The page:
August 15, 2010

The Reagan-Bush-Gorbachev Meeting on Governors Island: A Debriefing and a Walk

On December 7, 1988, President Ronald Reagan and Vice President George H. W. Bush met with Soviet leader Mikhail Gorbachev on Governors Island, then the headquarters for the Coast Guard. Documentation of the events that day remained secret for twenty years, but the release of both Soviet and American materials, analyzed and posted by the National Security Archive (see sources at end of post), provides a vivid picture of the dramatic events that unfolded around the meeting. Furthermore, now that Governors Island is open to the public, including the Commanders House where the leaders met for lunch, it is now possible to reconstruct the historic events by matching the words of a declassified memorandum describing the lunch with images of the interiors of the house today. The small talk that characterized the lunch, however, does not betray the extraordinary surprise that the Soviet leader unveiled earlier that morning in a speech to the United Nations.


Standing in front of the 43rd U.N. General Assembly, Mikhail Gorbachev began his speech by describing the sweeping changes of revolutionary history, acknowledging the surge of recent change sweeping the Soviet republics. He tells the members of "the profound democratic reform of the entire system of power and government," including the end to state control over public associations, an end to political imprisonment, the end of travel restrictions, and a firmer commitment to the notion of human rights.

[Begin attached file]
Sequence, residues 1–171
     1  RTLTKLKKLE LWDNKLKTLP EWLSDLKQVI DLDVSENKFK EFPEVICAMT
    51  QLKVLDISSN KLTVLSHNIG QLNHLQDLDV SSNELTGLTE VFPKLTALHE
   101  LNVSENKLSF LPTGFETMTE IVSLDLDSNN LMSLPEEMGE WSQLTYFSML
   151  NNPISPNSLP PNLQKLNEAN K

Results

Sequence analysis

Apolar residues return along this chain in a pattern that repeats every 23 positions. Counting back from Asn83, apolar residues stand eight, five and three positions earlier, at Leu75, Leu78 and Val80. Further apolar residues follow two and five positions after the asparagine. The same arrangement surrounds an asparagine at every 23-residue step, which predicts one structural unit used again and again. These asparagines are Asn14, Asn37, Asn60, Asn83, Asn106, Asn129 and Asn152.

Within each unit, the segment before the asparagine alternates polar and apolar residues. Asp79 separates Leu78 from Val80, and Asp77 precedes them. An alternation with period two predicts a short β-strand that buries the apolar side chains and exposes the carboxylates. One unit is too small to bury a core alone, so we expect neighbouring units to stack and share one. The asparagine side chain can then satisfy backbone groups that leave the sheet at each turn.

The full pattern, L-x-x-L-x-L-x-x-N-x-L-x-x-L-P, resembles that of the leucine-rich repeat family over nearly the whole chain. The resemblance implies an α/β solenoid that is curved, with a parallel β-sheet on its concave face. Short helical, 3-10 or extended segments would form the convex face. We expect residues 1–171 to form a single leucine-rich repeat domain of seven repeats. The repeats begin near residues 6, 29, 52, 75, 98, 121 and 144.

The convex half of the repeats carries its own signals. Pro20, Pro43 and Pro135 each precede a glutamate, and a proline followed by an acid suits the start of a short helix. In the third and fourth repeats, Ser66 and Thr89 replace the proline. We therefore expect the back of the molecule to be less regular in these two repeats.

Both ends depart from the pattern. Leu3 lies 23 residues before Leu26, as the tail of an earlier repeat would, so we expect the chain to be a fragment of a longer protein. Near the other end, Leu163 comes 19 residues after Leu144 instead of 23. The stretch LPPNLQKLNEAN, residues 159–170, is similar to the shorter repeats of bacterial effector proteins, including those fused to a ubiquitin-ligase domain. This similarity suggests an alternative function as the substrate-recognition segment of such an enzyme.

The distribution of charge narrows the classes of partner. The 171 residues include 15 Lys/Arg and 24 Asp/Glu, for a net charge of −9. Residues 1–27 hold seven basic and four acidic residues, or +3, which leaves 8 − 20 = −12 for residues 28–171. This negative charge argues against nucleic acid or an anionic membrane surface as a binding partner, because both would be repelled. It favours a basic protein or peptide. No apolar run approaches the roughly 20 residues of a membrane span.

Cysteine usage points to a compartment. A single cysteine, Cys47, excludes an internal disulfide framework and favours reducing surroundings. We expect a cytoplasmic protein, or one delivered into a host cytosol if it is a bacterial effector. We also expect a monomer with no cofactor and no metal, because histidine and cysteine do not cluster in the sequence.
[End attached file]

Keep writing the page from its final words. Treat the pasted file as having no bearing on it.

"Gorbachev said each time they met the weather got better. The President replied jovially that we arranged that."

"Turning to substance, Gorbachev said he hoped what he had said at the UN had not contained surprises."
(Gorbachev) "As for this meeting, it was not for negotiations; it resulted from his being in New York, and the President's and Vice President's invitation to meet on that occasion. He hoped it would be a useful meeting."
Gorbachev then made his most surprising announcement. "Now about the most important topic, without which no problem of the coming century can be resolved: disarmament." He then released news of the Soviet Union's decision to substantially reduce its armed forces in East Germany, Czechoslovakia, and Hungary, with a goal to disband them by 1991. As history shows, the reduction in forces would lead to the eventual collapse of the former Soviet Union. Importantly, following the signing of the INF Treaty in 1987 that reduced short-range nuclear weapons, Gorbachev prepared to advance a plan for further and substantial disarmament. In addition to catching the CIA and NATO by surprise, he also had to contend with the hawks in his own military. The documents, now public, demonstrate that the speech, one that in essence declares the end to the Cold War, was carefully crafted to continue the disarmament momentum with the incoming Bush administration.

"A journalist asked if there was opposition to the cuts in his country. Gorbachev said the answer was 'no.' The President commented that Gorbachev's Russian 'nyet' sounded a little like 'yes.' Gorbachev replied with a smile that the answer was still 'no.'
"Referring to the camera lights, Gorbachev commented that they were between a burning fire and bright lights. The President said that as a veteran of television he had found that the lights can make you look twelve years younger."
"Gorbachev asked why the island was called 'Governors' Island. The Vice President replied that it had been given to the British governors for their use in colonial times, and the name had stuck. The President said it was now the headquarters for our Coast Guard, and they were meeting in the commandant's residence."